You might also want to check to make sure the jig
will cut off what you plan by sliding the jig and it's stop up to the blade
and measuring the distance. "Measure twice---cut once!"
||Now you can slide the rip fence over to the blade. If
you plan to run the tapered part thru the jointer afterwards to remove
sawmarks, leave a little space between the tooth and the stock.
Think this cut out in your mind before you make it,
and keep your fingers on your hands!
||Typically you taper the insides of the legs, so if you
have already chopped out mortises, you'll be tapering the sides where ever
your mortises are, like in the pic at left. Be very careful making this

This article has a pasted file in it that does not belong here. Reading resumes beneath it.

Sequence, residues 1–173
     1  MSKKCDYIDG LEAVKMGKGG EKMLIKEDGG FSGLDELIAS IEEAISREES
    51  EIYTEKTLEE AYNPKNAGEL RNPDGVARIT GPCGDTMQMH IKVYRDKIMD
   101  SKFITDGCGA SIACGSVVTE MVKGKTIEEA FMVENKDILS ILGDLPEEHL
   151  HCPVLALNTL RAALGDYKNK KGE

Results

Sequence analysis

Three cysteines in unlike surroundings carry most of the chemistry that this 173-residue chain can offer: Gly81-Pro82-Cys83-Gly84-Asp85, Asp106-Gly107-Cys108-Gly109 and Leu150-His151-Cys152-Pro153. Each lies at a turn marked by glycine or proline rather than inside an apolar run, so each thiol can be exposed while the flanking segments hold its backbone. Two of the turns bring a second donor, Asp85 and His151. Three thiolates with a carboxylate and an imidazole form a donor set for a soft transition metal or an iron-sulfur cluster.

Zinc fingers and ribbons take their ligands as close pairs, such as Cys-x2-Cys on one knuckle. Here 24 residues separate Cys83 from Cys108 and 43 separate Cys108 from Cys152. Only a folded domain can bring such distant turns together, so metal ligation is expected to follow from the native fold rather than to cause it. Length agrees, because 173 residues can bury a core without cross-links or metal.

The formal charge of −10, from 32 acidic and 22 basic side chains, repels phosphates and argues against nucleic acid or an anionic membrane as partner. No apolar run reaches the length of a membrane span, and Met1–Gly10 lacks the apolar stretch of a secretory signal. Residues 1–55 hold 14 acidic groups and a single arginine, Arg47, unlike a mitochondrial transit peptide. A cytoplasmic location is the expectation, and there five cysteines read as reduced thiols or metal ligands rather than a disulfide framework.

cut, especially at the end, your fingers will be close to the blade.
||There we go! I now have legs for my vanity and it's bench!
Since this is a project for a small child, I kept the taper to a minimum,
since this piece will probable receive a fair amount of abuse. More taper
would look even better, but might be more fragile.
Back to the Child's Vanity
||Now here's a taper jig worth building. Not only is it
an adjustable taper jig, but it's also perfect for making angled cuts on
wide boards, and for straight-line ripping on your table saw. The jig has
a built-in system that allows you to adjust the size of the taper, making
it easy to remove the exact amount of material you want. In fact, once
the jig is adjusted you can cut four identical tapers in a matter of minutes
-- without changing the basic setup of the jig.
can get the plans here!